Aggressive Since 12 Weeks Cane Corso

We would like our 2-year old neutered male Cane Corso to be able to go places and have him behave. He aggressively barks at people when we are in the car, aggressively barks at other animals on-leash when we are walking him and attempts to lunge at them. He will not allow any animal (even as small as a mouse or bird) to be in our yard without aggressively barking at it. He broke a window while being aggressive towards a chipmunk in our yard. Delivery people are petrified to knock. Went to puppy school….aggressive towards other puppies at 12 weeks. Never improved. We have horses and pet pigs and he is fine with them.

– Robin P.

Hi Robin,

A Cane Corso, like any other breed, has its behavior influenced by nature and nurture. In other words genetics and everything that happens post birth. The things that affect a dog’s behavior post-birth are many, but those most commonly tied to behavior such as you are describing are:

  • Genetics
  • Critical Socialization Period (3 – 12 weeks of age)
  • Relationship with the owner(s)
  • Approach To Training ( ‘All Positive/Purely Positive/Force-Free-treat-treat-treat,’ ‘Might Is Right’ or Balanced)
  • Degree of supervision


I’m not sure what you were expecting from a Molosser breed such as the Cane Corso. Some breeds are Ferraris, and others are minivans. The Cane Corso is no minivan. Molossers such as your Cane Corso have been used literally as weapons in war, to hunt boar, guard, etc and other “I’m not a pet, I’m a hobby/tool” breed characteristics. The other side of the coin is that any breed as motivated and easily capable from the perspective of ability to kill, when adequately bred is also bred to be influenced by training.

Critical Socialization Period (3 – 12 weeks of age)

This would influence whether your dog’s current issues are triggered only by genetics and a lack of training or also fear. You can read more in my book Socialize Your Puppy for Everything – John Wade. Although, I don’t know that at this point that would be the best use of your time or money.

Relationship with the owner(s)

Almost without exception, what has come to pass for companion dog training in North America over the last decade+, is not obedience training at all. It is trick training. As a result, most dogs see their owners as great roommates and are as likely to be influenced by them as one might be affected by a roommate. Transitioning the relationship so that the dog sees their owners as a loving teacher/parent authority figure has a dramatic influence on behavior.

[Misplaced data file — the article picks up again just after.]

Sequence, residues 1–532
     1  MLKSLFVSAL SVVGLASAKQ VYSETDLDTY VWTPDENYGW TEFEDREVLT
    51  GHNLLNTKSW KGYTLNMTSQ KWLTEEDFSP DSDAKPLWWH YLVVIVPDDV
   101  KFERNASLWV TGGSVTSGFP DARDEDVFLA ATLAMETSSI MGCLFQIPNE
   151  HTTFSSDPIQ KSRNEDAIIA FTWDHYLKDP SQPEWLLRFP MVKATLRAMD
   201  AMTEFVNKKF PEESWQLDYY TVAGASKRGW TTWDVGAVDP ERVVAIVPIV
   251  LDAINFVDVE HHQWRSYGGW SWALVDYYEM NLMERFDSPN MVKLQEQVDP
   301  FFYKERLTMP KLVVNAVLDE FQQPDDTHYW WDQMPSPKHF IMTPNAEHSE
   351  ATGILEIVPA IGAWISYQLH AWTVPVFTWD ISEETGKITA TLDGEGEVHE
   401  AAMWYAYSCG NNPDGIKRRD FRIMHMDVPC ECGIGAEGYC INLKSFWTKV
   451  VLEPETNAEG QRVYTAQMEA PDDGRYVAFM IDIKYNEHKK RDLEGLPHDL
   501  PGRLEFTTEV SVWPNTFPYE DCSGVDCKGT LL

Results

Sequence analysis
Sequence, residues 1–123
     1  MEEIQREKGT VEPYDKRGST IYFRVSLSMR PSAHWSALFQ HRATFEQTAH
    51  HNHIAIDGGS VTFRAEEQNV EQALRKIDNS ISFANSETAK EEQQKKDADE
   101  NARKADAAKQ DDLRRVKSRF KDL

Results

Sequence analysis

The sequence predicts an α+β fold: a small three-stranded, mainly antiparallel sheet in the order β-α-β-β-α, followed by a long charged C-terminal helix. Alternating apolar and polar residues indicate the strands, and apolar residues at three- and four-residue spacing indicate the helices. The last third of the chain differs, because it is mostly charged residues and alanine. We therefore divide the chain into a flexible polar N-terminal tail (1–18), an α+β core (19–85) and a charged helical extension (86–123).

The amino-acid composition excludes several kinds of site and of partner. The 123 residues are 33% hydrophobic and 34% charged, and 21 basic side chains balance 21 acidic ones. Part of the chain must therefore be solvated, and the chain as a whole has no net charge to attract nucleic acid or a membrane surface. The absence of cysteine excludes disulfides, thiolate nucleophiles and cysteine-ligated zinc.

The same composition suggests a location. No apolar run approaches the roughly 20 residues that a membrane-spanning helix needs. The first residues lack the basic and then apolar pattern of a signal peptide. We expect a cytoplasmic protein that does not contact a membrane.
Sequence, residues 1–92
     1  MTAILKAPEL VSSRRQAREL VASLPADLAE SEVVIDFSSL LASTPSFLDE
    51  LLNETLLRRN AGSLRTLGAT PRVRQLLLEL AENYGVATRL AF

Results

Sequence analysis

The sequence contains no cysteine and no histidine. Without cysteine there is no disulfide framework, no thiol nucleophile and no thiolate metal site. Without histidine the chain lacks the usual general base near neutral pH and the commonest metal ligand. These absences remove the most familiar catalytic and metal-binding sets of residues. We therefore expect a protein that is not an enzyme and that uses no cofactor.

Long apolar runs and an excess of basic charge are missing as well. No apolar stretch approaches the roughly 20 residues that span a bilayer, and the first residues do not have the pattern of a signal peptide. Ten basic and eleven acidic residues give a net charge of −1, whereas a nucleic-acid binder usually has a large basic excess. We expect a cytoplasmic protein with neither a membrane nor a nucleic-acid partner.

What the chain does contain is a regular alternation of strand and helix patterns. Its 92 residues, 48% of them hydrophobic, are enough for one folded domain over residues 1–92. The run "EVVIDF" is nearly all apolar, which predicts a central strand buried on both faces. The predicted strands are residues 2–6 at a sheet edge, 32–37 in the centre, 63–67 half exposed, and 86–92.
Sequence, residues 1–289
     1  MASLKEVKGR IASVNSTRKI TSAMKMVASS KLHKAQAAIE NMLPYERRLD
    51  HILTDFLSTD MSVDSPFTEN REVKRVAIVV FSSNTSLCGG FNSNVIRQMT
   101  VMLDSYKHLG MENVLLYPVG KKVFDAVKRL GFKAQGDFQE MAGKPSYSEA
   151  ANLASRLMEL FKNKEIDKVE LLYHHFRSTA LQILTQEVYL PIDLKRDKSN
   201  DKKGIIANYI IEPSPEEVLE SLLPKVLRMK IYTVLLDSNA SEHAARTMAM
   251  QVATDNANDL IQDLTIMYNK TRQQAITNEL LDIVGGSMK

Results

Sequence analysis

Approach To Training

‘Might Is Right’

Sadly, this is an approach still around and is often what dog’s like your Cane Corso end up subjected to as a last-ditch effort to save their lives. Sometimes it works. It’s not the route to go as it can cause other problems and it’s not really how normal teaching and learning functions.

‘All Positive/Purely Positive/Force-Free . . .’

Or, as I sometimes refer to it, ‘All Positive/Purely Positive/Force-Free/No Need For No!/Skinner Meant Two Quadrants Not Four/Everyone Gets A Trophy/Don’t Wreck The Dog’s Self-Esteem/Sit Down And Talk About Our Feelings’ is literally killing dogs like yours throughout North America. It’s almost impossible to find a dog trainer, veterinarian, vet tech that doesn’t believe this is based on actual science. Designed for a controlled environment and for the most part appropriate in those environments, it has no place in the real world for influencing behavior in a manner intended to teach life skills. Ask any mother, dog, wolf, ape or human being if you’re looking for confirmation. We would all be dead or in jail if our parents raised us in this manner.


I actually am referring to fully balanced as many dog trainers mistakenly confuse how they train – positive combined with corrections as balanced and misleadingly call themselves balanced trainers. More balance than ‘Might Is Right’ or ‘All Positive/Purely Positive/Force-Free… .’ is undoubtedly closer to the truth and it is preferable to either. However truly balanced training draws on learning and behavior science far more extensively.

You can read more about training path options in this book – What Are The Different (and best) Puppy and Dog Training Methods (ebook)

Degree of Supervision

You’ll learn more of this should you pursue balanced training but the short version is that dogs are as shaped by outside influence (the company they keep and don’t keep and temptations they encounter when unsupervised) as any human youth. This is especially true for the first 2 – 3 years of age (depending on breed.) No amount of training will override the impact this has on behavior if it’s not addressed.


I wrote this book to help people with younger Cane Corso, but it will very likely shed some light on why you’re where you are where you are and where to go from here. The Five Most Common Cane Corso Mistakes, How To Avoid Them And End Up With Your Dream Dog (e-book)
Otherwise, I’d recommend booking a virtual consult with me. How To Book A Skype/Phone etc Consult With John Wade


John ‘Ask The Dog Guy’ Wade
Embracing Science and Common Sense

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